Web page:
Friday, October 8, 2010

The Twink In My House

It is almost midnight and I cannot sleep, because I know that I have screwed up once again.  Being a parent is not easy and reigning in my personal privilege has once again proven to be a difficult thing.  Destruction has been very actively considering Halloween costumes.  Last year he went as Indiana Jones, and while it was not my first choice, considering how bodies of colour are "othered" in the Indiana Jones series, I could see why it would be an appealing choice for a young boy.  This morning he approached me when I was having my morning green tea full of excitement.  After weeks of deliberation, he had finally come to a decision.  My boy looked at me with a huge grin on his face and announced that he wanted to be a twink for Halloween.  I immediately choked on my tea.

"I think I would make a great twink," he said.  "When can we go shopping for a costume", he asked.What I didn't know at the time, is that he thought that twink meant soldier in the army.  We have been doing a lot of talking about D.A.D.T. as well as his grandfather and great grandfather who both served in the Canadian military. I must admit  that I took a ride on the heterosexist train to oblivion.  I told him not to call himself that and that it was not appropriate.  It was not helped by the fact that my neighbor, who I have written about before pipped up adding, "You don't want to be that.  If you were a twink you would be a man who thought he was a woman.  You would be like a dude with boobs."  There was my opportunity to open my mouth and challenge not only homophobia but transphobia and sexism and I dropped the ball huge.  Once it was clear that he wanted to be a solider, I told him that we would check out an army surplus store and not to call himself a twink.  I didn't elaborate on why I didn't want him to take on this label.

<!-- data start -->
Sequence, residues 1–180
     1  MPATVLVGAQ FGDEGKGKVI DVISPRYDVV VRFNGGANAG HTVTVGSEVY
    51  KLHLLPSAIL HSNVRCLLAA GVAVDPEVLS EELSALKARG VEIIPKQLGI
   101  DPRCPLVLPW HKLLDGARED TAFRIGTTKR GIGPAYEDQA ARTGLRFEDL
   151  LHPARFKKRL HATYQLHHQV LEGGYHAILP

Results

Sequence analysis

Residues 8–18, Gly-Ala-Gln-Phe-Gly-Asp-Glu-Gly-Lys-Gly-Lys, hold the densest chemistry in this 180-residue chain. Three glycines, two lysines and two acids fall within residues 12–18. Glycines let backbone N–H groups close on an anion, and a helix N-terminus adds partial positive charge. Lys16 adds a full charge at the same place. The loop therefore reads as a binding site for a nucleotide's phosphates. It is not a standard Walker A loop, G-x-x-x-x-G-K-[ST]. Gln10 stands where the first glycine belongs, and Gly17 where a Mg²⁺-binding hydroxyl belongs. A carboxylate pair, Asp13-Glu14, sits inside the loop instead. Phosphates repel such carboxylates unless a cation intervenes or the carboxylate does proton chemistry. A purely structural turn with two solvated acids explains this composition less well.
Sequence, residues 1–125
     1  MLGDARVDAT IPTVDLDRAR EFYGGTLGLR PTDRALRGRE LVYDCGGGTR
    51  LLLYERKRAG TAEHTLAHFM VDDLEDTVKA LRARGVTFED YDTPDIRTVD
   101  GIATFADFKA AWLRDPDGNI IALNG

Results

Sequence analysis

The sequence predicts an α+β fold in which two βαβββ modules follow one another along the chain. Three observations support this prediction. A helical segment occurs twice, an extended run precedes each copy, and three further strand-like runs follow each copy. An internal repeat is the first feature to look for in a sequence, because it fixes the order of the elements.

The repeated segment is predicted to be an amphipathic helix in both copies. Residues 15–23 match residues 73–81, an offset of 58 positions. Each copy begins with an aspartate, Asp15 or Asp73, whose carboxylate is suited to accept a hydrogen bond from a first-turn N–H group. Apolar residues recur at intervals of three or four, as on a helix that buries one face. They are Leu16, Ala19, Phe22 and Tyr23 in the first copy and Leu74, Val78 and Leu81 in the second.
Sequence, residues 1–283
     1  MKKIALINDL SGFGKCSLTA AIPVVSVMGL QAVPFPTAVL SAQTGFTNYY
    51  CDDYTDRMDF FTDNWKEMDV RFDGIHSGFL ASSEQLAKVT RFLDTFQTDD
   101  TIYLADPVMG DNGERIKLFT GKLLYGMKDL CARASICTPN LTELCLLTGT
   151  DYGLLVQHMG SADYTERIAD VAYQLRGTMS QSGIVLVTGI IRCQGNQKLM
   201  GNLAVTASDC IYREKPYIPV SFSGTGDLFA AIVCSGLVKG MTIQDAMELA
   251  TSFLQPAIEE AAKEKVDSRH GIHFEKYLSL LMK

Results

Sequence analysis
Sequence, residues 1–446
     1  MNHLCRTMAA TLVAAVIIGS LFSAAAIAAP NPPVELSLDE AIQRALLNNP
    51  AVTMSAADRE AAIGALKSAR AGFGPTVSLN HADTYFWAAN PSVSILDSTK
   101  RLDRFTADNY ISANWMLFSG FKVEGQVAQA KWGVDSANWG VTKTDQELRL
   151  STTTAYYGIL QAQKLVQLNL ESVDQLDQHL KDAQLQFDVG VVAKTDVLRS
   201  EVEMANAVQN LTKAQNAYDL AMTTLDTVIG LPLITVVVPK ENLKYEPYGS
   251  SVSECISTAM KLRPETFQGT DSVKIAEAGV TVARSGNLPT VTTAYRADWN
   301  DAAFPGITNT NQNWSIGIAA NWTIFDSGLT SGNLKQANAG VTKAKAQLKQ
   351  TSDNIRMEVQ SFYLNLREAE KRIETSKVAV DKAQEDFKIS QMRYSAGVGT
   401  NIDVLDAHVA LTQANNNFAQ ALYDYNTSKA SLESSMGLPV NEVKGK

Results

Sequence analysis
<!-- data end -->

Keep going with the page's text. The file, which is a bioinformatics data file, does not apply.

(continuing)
All day my silence has plagued me.  At the dinner table I tried to start a conversation about what I did wrong twice and yet the words would not pass my lips.  Finally, sitting on the porch with the unhusband, I confessed that I messed up and that together we needed to talk to Destruction tomorrow about how my silence enabled transphobia and homophobia.   I have tried really hard to teach my son about acceptance and respect for all people and yet I know that my silence sent the message that I have limits, which is not the case.  I failed this test.  I have had many LGBT friends in my life, but when it came to my son, my mind went on auto pilot.  I don't think that I was actively thinking don't be gay, but I do think I was thinking just be like everyone else -- and that is most certainly a problem.

One of the biggest lessons that I will walk away with from the year 2010 with is that when it comes to the LGBT community, I have a lot to learn and that I am up to my eyeballs in unacknowledged privilege. I have come to understand that my best intentions don't mean much, when I seem to keep making mistake after mistake. You don't have to consciously teach children homophobia in the home, for them to learn to internalize it.  This as we have seen, far too often leads to extremely tragic results.

Tonight when Destruction returns from school, we will sit at the table as a family and have yet another conversation in which I reassure him that no matter what his sexuality eventually is, his father and I love and accept him.  I also hope that by admitting my mistake to him, he will learn that even those of that are committed to change mess up because we all have privilege.  I don't hide my mistakes from children because I think it serves as a wonderful example that we all carry with us a knapsack that is overloaded with negative messages.  I will chalk this up to parenting mistake number 1001 and hope that the next time I am called to rise to the challenge, that I will not fail so miserably.